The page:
Saturday, April 29, 2017

Italian Grapes in the Finger Lakes of Upstate NY

It's always my mission to find wineries in the US producing wines from Italian grapes grown on American soil. I had always taken a trip to upstate NY to the Finger Lakes wine region for many years annually, but had taken a break over the past 5 years as I had traveled to some other places around the world. It was nice to make it back here and we couldn't ask for better weather and accommodations as I write from our beautiful villa right on the water of Seneca Lake in Geneva. 

A couple days prior to my arrival the Seneca Lake Wine Trail called out to my attention that Ventosa Vineyards located in Geneva at the top of Seneca Lake was working with a few Italian grapes. I had been to Ventosa Vineyards years ago, but this was well before my wine blog so I really couldn't recall the wines that they produced. Thankfully a private tasting and tour was arranged for myself and family with their winemaker and vineyard manager, Jenna Lavita. 
As Ventosa Vineyards states that their winery is “a taste of Tuscany in the Finger Lakes”. Upon arrival you can't miss this massive, gorgeous villa that is eyecatching from route 96A. The winery was established eleven years ago and the owners are Italian lovers themselves taking trips often over to Italy, but providing folks with a Tuscan setting right in the Finger Lakes as well. They produce about 3,000-3,500 cases on 22 acres. The owners believe in finding peace in the craziness of wine life within their vineyards therefore the vineyards are sacrosanct, blessed by the priest and located around the property and within the vineyards themselves are religious statues all around.
The tasting we had with Jenna on their patio overlooking their vineyards below and Seneca Lake was a treat. Jenna was such a pleasure to spend time with. She actually graduated from the local college, Williams Smith, back in 2008 and learned winemaking under the winemaker of Fox Run Vineyards, Peter Bell. She had actually gone to school for law, but making friends and getting acquainted with the wine industry drew her in. It's amazing to me how many folks I have met in the wine industry had previously been lawyers. I guess that profession leads you to drink converting many on it's journey ; ) She also owns a small brewery in town as well, Lake Drum Brewing.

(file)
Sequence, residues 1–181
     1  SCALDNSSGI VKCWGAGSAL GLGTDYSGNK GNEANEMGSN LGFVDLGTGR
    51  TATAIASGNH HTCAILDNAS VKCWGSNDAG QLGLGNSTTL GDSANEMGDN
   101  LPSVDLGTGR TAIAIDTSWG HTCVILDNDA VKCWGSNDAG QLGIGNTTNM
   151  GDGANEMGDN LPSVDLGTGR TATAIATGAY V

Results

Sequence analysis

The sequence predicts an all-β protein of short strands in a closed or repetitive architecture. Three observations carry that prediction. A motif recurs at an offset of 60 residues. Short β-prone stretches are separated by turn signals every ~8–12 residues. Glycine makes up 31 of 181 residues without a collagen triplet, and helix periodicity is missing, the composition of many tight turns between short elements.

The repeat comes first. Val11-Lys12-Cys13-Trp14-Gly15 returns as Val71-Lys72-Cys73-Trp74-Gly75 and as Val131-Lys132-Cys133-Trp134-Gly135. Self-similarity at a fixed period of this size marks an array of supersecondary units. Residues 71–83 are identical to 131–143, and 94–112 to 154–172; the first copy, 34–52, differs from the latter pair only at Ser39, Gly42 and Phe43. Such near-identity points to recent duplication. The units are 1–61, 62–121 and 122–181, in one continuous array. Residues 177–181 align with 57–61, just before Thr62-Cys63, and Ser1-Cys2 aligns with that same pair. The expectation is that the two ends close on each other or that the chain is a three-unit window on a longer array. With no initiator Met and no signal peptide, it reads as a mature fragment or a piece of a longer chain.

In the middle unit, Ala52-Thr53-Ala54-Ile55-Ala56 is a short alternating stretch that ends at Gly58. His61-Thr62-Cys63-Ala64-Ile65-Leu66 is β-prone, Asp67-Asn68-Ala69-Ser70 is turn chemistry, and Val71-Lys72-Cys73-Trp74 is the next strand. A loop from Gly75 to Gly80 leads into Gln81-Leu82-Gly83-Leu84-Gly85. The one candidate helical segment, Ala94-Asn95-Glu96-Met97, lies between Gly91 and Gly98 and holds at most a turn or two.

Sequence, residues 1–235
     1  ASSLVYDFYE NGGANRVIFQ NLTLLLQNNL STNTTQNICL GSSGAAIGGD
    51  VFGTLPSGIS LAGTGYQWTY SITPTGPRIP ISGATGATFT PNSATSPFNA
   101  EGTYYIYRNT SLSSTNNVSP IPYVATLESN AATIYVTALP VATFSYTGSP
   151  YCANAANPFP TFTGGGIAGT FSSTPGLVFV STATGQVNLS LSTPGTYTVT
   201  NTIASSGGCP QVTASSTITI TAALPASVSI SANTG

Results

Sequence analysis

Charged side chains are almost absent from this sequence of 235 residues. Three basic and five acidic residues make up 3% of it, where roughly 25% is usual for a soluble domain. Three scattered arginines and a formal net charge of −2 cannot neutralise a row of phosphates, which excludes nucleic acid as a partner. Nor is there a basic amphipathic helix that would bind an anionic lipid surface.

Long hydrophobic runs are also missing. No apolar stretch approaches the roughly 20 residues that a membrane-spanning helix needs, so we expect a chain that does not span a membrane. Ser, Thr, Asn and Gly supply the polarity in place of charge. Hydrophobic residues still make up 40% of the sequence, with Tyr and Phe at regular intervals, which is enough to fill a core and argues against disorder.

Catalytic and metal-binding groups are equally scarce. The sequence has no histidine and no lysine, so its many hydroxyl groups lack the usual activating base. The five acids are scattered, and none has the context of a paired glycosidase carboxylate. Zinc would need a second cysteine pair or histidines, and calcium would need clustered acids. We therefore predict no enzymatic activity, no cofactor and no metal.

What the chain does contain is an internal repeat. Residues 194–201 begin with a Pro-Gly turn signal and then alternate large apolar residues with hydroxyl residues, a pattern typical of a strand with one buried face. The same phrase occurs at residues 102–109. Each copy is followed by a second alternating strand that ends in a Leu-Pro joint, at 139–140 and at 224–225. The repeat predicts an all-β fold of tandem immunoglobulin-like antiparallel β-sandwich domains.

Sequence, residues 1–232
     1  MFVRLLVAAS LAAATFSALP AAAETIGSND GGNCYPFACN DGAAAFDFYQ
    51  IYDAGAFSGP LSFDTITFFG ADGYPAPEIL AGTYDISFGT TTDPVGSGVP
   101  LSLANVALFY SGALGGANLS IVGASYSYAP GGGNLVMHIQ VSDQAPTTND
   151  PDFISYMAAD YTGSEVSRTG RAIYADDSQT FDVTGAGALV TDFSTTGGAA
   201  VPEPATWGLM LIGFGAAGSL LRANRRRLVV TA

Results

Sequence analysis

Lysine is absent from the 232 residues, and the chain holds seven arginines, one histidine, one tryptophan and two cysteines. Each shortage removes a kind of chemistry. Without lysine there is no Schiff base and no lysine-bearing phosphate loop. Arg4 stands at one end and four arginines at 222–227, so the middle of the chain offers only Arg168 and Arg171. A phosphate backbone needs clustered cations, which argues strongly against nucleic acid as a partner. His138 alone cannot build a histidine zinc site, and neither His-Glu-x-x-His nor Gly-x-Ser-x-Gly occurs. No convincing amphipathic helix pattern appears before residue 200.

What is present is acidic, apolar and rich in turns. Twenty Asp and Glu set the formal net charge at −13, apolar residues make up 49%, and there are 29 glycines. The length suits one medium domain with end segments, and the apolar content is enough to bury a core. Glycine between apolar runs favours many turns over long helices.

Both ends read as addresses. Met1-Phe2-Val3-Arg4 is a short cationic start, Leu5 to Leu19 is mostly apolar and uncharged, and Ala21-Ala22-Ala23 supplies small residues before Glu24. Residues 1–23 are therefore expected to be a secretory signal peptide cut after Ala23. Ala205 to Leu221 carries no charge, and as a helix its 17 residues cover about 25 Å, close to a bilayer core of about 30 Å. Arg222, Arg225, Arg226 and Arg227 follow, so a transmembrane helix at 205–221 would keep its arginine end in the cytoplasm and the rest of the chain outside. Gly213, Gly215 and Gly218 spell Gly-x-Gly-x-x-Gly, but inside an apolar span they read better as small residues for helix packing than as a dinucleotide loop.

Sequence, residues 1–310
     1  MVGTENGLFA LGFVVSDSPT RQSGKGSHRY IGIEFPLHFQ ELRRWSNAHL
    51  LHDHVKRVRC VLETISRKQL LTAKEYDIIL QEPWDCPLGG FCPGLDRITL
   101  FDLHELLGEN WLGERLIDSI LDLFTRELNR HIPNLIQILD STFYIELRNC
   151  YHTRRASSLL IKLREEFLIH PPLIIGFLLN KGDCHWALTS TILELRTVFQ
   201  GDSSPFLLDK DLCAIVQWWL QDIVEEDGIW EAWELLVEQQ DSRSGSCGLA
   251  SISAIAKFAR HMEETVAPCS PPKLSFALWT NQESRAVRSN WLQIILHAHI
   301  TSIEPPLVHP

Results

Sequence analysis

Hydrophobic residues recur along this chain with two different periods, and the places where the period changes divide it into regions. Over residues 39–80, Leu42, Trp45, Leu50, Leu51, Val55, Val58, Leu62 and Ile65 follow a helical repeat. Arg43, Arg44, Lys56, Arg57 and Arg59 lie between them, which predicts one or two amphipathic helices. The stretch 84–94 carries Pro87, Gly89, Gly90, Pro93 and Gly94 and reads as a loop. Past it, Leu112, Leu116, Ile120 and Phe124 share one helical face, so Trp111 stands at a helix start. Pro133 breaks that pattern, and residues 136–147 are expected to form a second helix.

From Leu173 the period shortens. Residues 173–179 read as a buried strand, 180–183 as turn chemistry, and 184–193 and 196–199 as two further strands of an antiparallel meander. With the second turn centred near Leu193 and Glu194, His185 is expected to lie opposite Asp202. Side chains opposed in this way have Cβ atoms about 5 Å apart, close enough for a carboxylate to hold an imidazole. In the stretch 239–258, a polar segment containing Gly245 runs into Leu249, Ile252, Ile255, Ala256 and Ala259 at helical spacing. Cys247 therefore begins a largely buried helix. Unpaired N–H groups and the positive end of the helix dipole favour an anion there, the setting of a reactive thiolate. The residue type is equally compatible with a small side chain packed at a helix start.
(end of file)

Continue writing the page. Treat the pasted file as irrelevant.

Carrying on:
Jenna Lavita
We tasted through many of their wines, but of course I was mostly interested in the Italian grapes they are working with: pinot grigio, tocai friulano and sangiovese. To see Italian grapes grown in such a cold climate area is rather interesting and I only remember coming across 1 other vineyard in the Finger Lakes wine region working with Italian grapes, Red Tail Ridge produces a teroldego grape, which I didnt get to revisit on this trip. 

There are about 3 acres planted to the pinot gris grape. The 2015 Ventosa Vineyards Pinot Gris is a very easy drinking, clean, light bodied wine with green apples most prevalent on the palate. The interesting wine for me was the 2014 Ventosa Vineyards Tocai Friulano mostly found in the wine region of Friuli in northeastern Italy. I know this sounds crazy, but I picked up almost pickle juice on the nose. It's partially aged in American oak imparting tropical notes into the wine. Lower on the acid scale the wine had more weight than the pinot gris. We finished with the Ventosa Vineyards Tocaice, which is their ice wine made from the tocai friulano grape. They don't freeze the grapes on-site, but instead take them to Ontario to a commercial freezer where they are frozen for 1-2 months. They are pressed onsight though at Ventosa Vineyards with a hard press (2.5 bars) over 24 hours to extract as much juice as possible. They usually get about 150 gallons from 3 tons of grapes. For those with a sweet tooth and that enjoy a dessert wine at the end of your meals this had nice rich honey and orange zest notes. An unctous wine indeed!
Following the tasting we proceeded to the production facility underneath. Walking through the vineyards it was just the start of bud break for a few of their grapes including sangiovese, pinot and chardonnay. The last few winters have been colder in the Finger Lakes and many wineries having been losing their primary buds. 
bud break
For me the highlight was the Ventosa Vineyards Owners Reserve Sangiovese. We tasted their sangiovese in the fermentation room comparing the 2011 and 2012 vintages. I preferred the 2011 vintage as it was more similar in style to that of Tuscany than the 2012. It was drier in style where the 2012 showed more ripe red fruit. The 2011 had more earthiness and dried fruits, which is personally more my style. It's medium bodied and aged in American oak for 2.5 years plus an additional year in bottle. These sangiovese had soft tannins.
Overall, it was a great way to start the day and taste the difference of Italian grapes grown on American soil in the Finger Lakes region of NY. 
My son learning how to smell wine

Friday, April 21, 2017

Wines Around the World with Dave Phinney and Locations Wines